Did Muhammad teach death for apostasy? – Ahmadiyya Muslim Community
In the name of Allah, the Gracious, the Merciful
There is none worthy of worship except Allah, Muhammad is the Messenger of Allah
Muslims who believe in the Messiah,
Hazrat Mirza Ghulam Ahmad Qadiani (as)

Did Muhammad teach death for apostasy?

The allegation that apostasy is the “ultimate crime” in Islam is false and based off the incorrect assumption that apostasy is a crime that man can punish. Yes, Islam admonishes Muslims to remain Muslims. But what faith encourages its adherents to leave? But even then, Islam is quite liberal. Certain Christians declare eternal hell for those who leave Christianity. Certain Jews consider themselves the chosen people, to the exclusion of all others. Certain Hindus believe in the caste system, forbidding anyone from joining or leaving their caste. Therefore, it is surprising that critics object to the Islamic admonition to not forsake Islam.

In any case, Islam defines the “ultimate crime” against mankind as murder and treason—not apostasy. In fact, murder and treason are the only reasons for which a person may receive capital punishment in Islam [2]. The Qur’an does not allow capital punishment for any other reason. And, as mentioned earlier, even when capital punishment is a possibility, it is by permission, never by commandment.

Critics claim that, “the Koran prescribes death [for apostates],” but not only that Islam does not prescribe death for apostates, the Qur’an was the first religious scripture to categorically declare, “There shall be no compulsion in religion.” [3] Likewise, the Qur’an repeatedly states that Muslims, including Prophet Muhammad, can only admonish non-Muslims regarding religious matters [4].  The Qur’an addresses disbelief more than 150 times, yet man is never given authority to punish the disbeliever. If Islam sanctioned death for apostasy, why does the Qur’an address—but never sanction—worldly punishment for the apostate who repeatedly believes and disbelieves? [5] As the majority of these verses were revealed in Medina, not Mecca, critics cannot resort to the “argument” of abrogation of Qur’anic verses.

Prophet Muhammad’s example corroborates the view that no punishment for apostasy exists in Islam. Once, a Bedouin convert to Islam suffered a fever while in Medina. He asked to be released from his pledge three times and was refused three times. Still, he left Medina unharmed. [6]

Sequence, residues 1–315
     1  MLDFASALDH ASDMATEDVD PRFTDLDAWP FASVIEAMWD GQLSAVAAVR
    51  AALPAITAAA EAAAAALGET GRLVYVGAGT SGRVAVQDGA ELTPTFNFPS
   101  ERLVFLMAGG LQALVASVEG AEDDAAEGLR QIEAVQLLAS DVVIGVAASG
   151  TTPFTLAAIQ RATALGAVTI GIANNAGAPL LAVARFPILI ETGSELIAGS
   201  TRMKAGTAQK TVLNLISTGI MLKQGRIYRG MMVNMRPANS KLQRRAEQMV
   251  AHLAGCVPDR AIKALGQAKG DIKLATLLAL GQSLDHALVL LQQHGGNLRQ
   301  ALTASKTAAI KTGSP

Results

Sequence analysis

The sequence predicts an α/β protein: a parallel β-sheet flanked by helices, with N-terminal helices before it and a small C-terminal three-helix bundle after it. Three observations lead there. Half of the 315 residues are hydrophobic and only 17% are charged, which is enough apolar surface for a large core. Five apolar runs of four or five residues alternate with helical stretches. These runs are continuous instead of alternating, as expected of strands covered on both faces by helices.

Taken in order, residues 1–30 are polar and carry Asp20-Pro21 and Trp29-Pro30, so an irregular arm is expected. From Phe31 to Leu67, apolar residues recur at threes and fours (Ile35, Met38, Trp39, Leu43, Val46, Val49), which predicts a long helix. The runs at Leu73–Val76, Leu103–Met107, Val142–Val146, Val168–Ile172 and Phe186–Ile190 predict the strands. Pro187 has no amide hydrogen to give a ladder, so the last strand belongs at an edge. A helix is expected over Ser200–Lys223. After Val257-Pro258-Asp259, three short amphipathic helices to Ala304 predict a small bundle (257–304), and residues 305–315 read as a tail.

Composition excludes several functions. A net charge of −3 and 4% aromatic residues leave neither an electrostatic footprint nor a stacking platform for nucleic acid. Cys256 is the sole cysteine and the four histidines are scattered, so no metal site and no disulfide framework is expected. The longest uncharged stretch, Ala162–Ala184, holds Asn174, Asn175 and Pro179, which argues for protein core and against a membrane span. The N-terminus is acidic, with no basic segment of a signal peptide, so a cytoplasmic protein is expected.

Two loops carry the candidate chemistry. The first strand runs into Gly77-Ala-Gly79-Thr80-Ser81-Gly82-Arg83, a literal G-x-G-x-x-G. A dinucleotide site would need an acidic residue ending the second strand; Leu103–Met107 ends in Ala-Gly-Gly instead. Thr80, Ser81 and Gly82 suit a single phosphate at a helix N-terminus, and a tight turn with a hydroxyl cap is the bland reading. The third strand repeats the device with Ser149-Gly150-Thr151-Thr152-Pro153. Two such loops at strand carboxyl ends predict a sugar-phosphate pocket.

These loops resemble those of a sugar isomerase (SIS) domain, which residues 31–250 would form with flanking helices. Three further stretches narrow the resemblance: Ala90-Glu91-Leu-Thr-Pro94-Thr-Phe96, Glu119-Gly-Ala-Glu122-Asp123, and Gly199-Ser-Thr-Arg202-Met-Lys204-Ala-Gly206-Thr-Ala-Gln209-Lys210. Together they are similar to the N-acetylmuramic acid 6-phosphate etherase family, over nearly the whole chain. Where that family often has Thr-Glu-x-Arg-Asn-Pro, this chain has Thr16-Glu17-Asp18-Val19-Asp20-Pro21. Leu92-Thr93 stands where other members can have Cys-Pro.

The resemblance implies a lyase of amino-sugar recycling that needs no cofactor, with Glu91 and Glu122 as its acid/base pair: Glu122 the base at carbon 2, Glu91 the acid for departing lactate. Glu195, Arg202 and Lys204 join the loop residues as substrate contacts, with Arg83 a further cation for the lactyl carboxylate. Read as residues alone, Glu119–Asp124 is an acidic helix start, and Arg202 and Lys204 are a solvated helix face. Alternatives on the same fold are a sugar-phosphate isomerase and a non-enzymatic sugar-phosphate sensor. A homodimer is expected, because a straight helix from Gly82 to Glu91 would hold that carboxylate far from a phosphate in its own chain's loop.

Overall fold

In contrast to the Quran, Biblical verses clearly demand death for apostasy. For example, the Bible states:

If your very own brother, or your son or daughter, or the wife you love, or your closest friend secretly entices you, saying, ‘Let us go and worship other gods’ (gods that neither you nor your fathers have known, gods of the peoples around you, whether near or far, from one end of the land to the other), do not yield to him or listen to him. Show him no pity. Do not spare him or shield him. You must certainly put him to death. Your hand must be the first in putting him to death, and then the hands of all the people. Stone him to death, because he tried to turn you away from the LORD your God, who brought you out of Egypt, out of the land of slavery. [7]

Arguing that the New Testament sanctions no punishment for apostasy is useless as Jesus Christ stated that nothing of the Old Testament is abrogated [8]. Accordingly, prominent Christian theologians such as St. Thomas Aquinas have endorsed death for apostasy:

Heretics and apostates can be compelled, even physically, to fulfill their promises and hold to do what they once professed … adopting the faith is voluntary, but sticking to it once adopted is obligatory. About heretics there are two things to say. Their sin deserves banishment not only from the church by excommunication but also from the world by death. [9]

It is remarkable that while critics approve of such teachings, they find fault with the Qur’an for vociferously restricting any worldly punishment for apostasy.

Finally, Islam does not restrict apostasy [10]. Any “punishment” an apostate incurs is a matter between that person and God. The Qur’an, however, is clear: apostasy is not a worldly crime, it is certainly not the “ultimate” crime, apostates are not to be harmed—let alone put to death, and those who choose to leave Islam have every right to do so.



[1] Qur’an 2:257.
[2] Qur’an 5:33, “On account of this, We prescribed for the children of Isra’el that whosoever killed a person — unless it be for killing a person or for creating disorder in the land — it shall be as if he had killed all mankind; and whoso gave life to one, it shall be as if he had given life to all mankind. And Our Messengers came to them with clear Signs, yet even after that, many of them commit excesses in the land” (emphasis added).
[3] Qur’an 2:257.
[4] Qur’an 4:64; 6:70-71; 10:109; 11:47; 50:46; 88:22-23.
[5] Qur’an 2:218; 3:21, 73, 91; 4:138; 5:55, 62, 93, 100; 9:3, 66-68, 74; 16:107; 47:26-27; 63:2-7.
[6] Bukhari [Cairo, n.d.], Vol. 1, Book 3, #28.
[7] Deuteronomy 13:6-10 (emphasis added).
[8] Matthew 5:17-18; 23:1-3.
[9] Summa Theologiae – A Concise Translation by T. McDermott, 339-40.
[10] Qur’an 4:138; 10:100; 18:30.

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